The Lego Movie -- $9,500,000 -- ($424,718,771)

Frozen -- $8,000,000 -- ($1,112,532,000)

Mr. Peabody and Sherman -- $3,800,000 -- ($249,214,979)

The rundown as described by Deadline:

Warner Bros’ The Lego Movie continues building its overseas cume with an additional $9.5M this weekend on over 3,100 screens. The total international tally now stands at $173.3M. Lego clicked in Germany with a No. 1 bow – ahead of newcomer Divergent and holdovers Rio 2 and Noah. ...

Frozen, meanwhile, has glided up a notch on the all-time box office chart, now standing at No. 8 with $1,113M. Disney is confident Frozen will soon pass Ice Age 4 to become the highest grossing international animated release of all time. It added $8M this weekend. ...

Rio 2 dropped 20% in its second outing in the UK, earning $2.9M from 1,100 dates. ...

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The Jobs Boost From Free Money

This isn't much of a surprise.

British cartoons boom as industry is reanimated by tax relief deal -- Tax credits tipped the balance, says CBeebies boss who has commissioned six new series from homegrown studios ...

The creative surge comes after a helping hand from George Osborne, who has introduced a tax break for the animation industry, amounting to around 20% of production costs. Announcing the measure in his 2012 budget, Osborne said he wanted to ensure that Wallace and Gromit stayed at the top of the global animation game.

The effect has been to revive an industry that had been down in the dumps, with even the production of Thomas the Tank Engine being shifted in 2010 from Britain to Canada. Kay Benbow, head of CBeebies, said the tax credits had "tipped the balance", with more and more projects that had been pre-ordered by the channel suddenly going ahead. ...

Productions that had been outsourced overseas are being repatriated, he said, and there are signs of inward investment as foreign producers start to place work with UK animators. Blue-Zoo is adapting one animation for a Japanese client. ...

It has, of course, become a buyers' market.

Companies and conglomerates now look around for the biggest subsidies, and set up shop where the money spigot is biggest. And when the cash flow gets turned off, they move on to a new locale with a generous dole.

Robust and unfettered free enterprise is truly a wonder to behold. Now, let's get the lazy moochers off of food stamps so we can make room for bigger farm subsidies.

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Retirement Theft

The past few weeks I've talked to various fifty-something members who have a lot of years and cash in Guild retirement accounts, but aren't old enough to cash in. Some are still employed and hanging on to their long-time profession, and some are encountering longer stretches of down-time and wondering what they're going to do for the next fifteen years of their working lives. But no matter where somebody is in their career, they should be aware of this:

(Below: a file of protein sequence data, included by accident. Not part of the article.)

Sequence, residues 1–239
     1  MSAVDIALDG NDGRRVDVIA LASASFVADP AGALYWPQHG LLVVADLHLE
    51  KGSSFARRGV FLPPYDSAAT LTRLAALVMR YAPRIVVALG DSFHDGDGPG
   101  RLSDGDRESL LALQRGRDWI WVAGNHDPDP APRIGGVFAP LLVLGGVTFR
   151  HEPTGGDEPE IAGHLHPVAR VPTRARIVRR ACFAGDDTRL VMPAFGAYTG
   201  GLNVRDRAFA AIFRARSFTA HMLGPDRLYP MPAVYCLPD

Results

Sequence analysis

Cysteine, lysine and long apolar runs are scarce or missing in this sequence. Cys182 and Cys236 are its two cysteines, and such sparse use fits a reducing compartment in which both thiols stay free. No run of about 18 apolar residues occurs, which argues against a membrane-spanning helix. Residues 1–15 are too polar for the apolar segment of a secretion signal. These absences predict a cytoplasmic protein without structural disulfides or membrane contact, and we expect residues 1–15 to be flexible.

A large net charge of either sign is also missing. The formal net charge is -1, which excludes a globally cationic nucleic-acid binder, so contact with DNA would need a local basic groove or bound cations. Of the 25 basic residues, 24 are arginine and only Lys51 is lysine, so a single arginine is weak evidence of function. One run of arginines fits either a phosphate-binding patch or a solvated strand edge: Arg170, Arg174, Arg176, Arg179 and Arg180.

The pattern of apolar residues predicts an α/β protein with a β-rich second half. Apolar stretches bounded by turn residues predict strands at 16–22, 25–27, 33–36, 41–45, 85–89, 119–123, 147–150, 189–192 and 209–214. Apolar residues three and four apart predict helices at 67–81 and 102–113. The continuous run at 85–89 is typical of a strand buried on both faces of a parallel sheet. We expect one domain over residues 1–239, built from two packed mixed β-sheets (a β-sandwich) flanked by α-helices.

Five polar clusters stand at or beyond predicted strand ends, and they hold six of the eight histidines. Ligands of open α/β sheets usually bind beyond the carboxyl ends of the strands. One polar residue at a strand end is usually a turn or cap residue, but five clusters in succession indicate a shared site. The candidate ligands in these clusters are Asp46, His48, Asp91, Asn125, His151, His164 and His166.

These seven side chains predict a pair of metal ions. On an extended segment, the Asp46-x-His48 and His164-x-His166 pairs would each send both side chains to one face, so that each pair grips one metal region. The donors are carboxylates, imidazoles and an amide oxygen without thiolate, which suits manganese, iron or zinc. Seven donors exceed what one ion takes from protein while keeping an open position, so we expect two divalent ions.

... A new study finds that the typical 401(k) fees — adding up to a modest-sounding 1 percent a year — would erase $70,000 from an average worker's account over a four-decade career compared with lower-cost options. To compensate for the higher fees, someone would have to work an extra three years before retiring.

The study comes from the Center for American Progress, a liberal think tank. Its analysis, backed by industry and government data, suggests that U.S. workers, already struggling to save enough for retirement, are being further held back by fund costs.

"The corrosive effect of high fees in many of these retirement accounts forces many Americans to work years longer than necessary or than planned," the report, being released Friday, concludes.

Most savers have only a vague idea how much they're paying in 401(k) fees or what alternatives exist, though the information is provided in often dense and complex fund statements. High fees seldom lead to high returns. And critics say they hurt ordinary investors — much more so than, say, Wall Street's high-speed trading systems, which benefit pros and have increasingly drawn the eye of regulators.

Consider what would happen to a 25-year-old worker, earning the U.S. median income of $30,500, who puts 5 percent of his or her pay in a 401(k) account and whose employer chips in another 5 percent:

— If the plan charged 0.25 percent in annual fees, a widely available low-cost option, and the investment return averaged 6.8 percent a year, the account would equal $476,745 when the worker turned 67 (the age he or she could retire with full Social Security benefits).

— If the plan charged the typical 1 percent, the account would reach only $405,454 — a $71,000 shortfall.

— If the plan charged 1.3 percent — common for 401 (k) plans at small companies — the account would reach $380,649, a $96,000 shortfall. The worker would have to work four more years to make up the gap. (The analysis assumes the worker's pay rises 3.6 percent a year.) ...

Over the past two years, trustees of the TAG 401(k) Plan have pushed to get fees down. As of August 1st, the TAG 401(k) Plan will be administered by Vanguard Mutual Funds. Our fund selection won't change very much, but overall costs will be lower.

Long term, this will mean participants have more folding money in their wallets when they step off the work merry-go-round and spend more time on the front porch, thinking deep thoughts.


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Saturday, April 12, 2014

Sequels for a Popular Hybrid Animated Feature